Relative developmental toxicities of nine diphenyl ethers related to nitrofen

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Abstract

Outbred Swiss mice (Mus musculus) were treated with 2,3‐dichlorophenyl 4′‐nitrophenyl ether (23‐DCN), 2,5‐dichlorophenyl 4′‐nitrophenyl ether (25‐DCN), 2,6‐dichlorophenyl 4′‐nitrophenyl ether (26‐DCN), 3,4‐dichlorophenyl 4′‐nitrophenyl ether (34‐DCN), 3,5‐dichlorophenyl 4′‐nitrophenyl ether (35‐DCN), 2,4,5‐trichlorophenyl 4′‐nitrophenyl ether (245‐TCN), 2,4,6‐trichlorophenyl 4′‐nitrophenyl ether (CNP), 3‐chlorophenyl 4′‐nitrophenyl ether (3‐MCN) or phenyl 4‐bromophenyl ether (4‐BR) at dosages that are highly teratogenic when the known teratogen nitrofen (2,4‐dichlorophenyl 4′‐nitrophenyl ether) is administered. The Chernoff/Kavlock screen was used to assess both prenatal and postnatal toxicity; in addition, effects of each chemical on Harderian glands were evaluated. The monochlorinated analogs and the five dichlorinated nitrofen analogs were inactive at the doses given. 4‐BR was inactive at levels of up to 1,000 mg/kg/d. The trichlorinated analogs caused missing Harderian glands in pups exposed to 10 or 20 mg/kg/d 245‐TCN, 50 or 100 mg/kg/d nitrofen or 250 or 500 mg/kg/d CNP; significant perinatal mortality in litters exposed to 20 mg/kg/d 245‐TCN or 100 mg/kg/d nitrofen; and a high incidence of prenatal mortality in litters exposed to 500 or 750 mg/kg/d CNP. Maternal toxicity other than decreased weight gain was not seen with any compound, even at doses that caused significant prenatal or perinatal mortality. The data demonstrate that the position of chlorine substituents, as well as the number of such substituents, is critical in determining the developmental toxicity of diphenyl ethers.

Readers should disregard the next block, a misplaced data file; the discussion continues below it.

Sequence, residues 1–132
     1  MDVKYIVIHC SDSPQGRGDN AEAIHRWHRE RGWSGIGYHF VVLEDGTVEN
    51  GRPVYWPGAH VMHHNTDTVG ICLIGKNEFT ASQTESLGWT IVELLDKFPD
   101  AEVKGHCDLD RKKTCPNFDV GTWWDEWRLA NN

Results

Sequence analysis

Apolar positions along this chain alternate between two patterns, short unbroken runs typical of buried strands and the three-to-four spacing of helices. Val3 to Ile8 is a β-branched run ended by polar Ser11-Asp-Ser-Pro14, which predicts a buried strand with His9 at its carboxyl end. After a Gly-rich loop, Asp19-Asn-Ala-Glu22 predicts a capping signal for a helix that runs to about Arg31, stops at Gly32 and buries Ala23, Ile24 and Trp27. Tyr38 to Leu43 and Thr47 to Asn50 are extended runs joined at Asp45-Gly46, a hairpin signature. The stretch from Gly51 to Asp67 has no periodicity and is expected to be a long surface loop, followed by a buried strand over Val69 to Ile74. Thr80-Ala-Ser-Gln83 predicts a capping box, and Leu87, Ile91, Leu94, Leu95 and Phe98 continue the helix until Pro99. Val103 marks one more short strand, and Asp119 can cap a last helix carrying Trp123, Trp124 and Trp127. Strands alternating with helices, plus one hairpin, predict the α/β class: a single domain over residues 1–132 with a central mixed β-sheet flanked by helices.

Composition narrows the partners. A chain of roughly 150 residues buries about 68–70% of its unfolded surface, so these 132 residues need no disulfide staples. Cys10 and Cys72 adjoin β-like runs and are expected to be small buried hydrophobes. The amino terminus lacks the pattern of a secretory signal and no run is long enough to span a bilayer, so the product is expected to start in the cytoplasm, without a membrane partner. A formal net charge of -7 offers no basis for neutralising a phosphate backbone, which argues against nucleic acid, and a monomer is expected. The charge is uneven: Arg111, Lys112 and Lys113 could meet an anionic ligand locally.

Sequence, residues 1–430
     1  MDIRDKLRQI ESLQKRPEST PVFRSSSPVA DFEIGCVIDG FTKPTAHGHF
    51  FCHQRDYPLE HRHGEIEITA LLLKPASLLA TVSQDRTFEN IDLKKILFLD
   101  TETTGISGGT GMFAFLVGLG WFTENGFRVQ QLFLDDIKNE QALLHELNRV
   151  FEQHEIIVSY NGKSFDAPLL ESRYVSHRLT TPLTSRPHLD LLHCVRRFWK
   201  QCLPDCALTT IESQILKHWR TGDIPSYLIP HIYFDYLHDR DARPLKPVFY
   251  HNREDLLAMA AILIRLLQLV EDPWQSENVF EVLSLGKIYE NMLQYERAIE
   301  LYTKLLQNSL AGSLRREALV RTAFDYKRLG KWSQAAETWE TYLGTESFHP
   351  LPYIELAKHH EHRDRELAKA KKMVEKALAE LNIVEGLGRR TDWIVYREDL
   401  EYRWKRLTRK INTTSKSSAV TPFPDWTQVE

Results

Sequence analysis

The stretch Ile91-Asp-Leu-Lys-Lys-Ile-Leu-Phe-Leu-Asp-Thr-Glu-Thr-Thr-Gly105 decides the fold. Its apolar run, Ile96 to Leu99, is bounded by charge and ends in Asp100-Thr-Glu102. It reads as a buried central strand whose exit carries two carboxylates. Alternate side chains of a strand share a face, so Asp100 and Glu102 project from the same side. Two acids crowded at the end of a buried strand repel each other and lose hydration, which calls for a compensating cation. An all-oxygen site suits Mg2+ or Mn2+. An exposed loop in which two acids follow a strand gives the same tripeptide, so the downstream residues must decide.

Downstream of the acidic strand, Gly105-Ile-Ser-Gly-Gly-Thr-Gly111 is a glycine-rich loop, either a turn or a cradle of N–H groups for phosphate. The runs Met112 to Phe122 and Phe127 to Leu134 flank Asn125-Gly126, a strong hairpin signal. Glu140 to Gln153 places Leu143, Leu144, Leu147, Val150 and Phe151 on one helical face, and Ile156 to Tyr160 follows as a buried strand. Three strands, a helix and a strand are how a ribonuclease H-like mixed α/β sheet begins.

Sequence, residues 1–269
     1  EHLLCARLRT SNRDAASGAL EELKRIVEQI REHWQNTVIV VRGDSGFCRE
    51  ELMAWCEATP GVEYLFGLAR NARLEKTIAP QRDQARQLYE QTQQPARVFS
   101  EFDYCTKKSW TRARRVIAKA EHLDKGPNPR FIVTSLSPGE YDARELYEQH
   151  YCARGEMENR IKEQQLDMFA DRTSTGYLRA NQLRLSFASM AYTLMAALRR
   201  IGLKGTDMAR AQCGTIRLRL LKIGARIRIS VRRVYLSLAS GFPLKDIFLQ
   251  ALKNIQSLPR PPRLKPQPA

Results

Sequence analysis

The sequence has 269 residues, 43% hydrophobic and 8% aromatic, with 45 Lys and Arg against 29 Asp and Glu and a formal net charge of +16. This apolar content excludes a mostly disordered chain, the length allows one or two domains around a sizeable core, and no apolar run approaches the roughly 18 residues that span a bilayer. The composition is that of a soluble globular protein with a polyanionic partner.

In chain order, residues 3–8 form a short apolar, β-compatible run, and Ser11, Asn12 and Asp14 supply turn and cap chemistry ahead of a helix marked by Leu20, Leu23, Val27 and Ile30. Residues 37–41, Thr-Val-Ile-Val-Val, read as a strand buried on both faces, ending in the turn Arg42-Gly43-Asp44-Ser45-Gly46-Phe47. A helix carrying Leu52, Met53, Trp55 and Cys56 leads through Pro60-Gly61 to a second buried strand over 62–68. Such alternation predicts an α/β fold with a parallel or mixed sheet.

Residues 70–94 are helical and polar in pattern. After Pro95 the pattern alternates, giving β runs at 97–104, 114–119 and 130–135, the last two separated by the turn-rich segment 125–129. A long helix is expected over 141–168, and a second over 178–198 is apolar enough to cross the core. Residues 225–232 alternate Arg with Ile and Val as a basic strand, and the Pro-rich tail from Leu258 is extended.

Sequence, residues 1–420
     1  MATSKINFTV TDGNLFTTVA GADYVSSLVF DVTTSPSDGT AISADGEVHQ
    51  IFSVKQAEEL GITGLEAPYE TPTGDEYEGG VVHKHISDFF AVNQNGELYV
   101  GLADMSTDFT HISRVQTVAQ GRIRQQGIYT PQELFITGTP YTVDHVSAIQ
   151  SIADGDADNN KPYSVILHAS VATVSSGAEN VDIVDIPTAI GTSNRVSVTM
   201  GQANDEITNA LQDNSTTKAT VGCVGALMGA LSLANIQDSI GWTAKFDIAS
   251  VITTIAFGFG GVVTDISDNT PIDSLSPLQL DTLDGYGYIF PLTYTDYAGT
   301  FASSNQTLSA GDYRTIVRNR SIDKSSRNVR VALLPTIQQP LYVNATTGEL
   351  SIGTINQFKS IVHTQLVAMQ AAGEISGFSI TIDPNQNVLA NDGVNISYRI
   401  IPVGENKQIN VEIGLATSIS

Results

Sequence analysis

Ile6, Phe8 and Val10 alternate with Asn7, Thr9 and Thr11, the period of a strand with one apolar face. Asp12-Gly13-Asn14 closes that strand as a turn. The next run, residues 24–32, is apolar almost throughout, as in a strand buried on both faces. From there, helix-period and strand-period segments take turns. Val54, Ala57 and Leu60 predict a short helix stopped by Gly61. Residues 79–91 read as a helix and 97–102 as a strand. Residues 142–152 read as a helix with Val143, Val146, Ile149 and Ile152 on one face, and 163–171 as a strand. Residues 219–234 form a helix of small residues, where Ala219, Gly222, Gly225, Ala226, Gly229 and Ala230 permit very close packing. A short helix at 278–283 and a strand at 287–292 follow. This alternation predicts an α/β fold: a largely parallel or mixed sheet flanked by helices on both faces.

Original languageEnglish (US)
Pages (from-to)681-688
Number of pages8
JournalEnvironmental Toxicology and Chemistry
Volume8
Issue number8
DOIs
StatePublished - Aug 1989

Keywords

  • Developmental toxicity
  • Diphenyl ethers
  • Nitrofen
  • Phenyl 4‐bromophenyl ether
  • Teratogen

ASJC Scopus subject areas

  • Environmental Chemistry
  • Health, Toxicology and Mutagenesis

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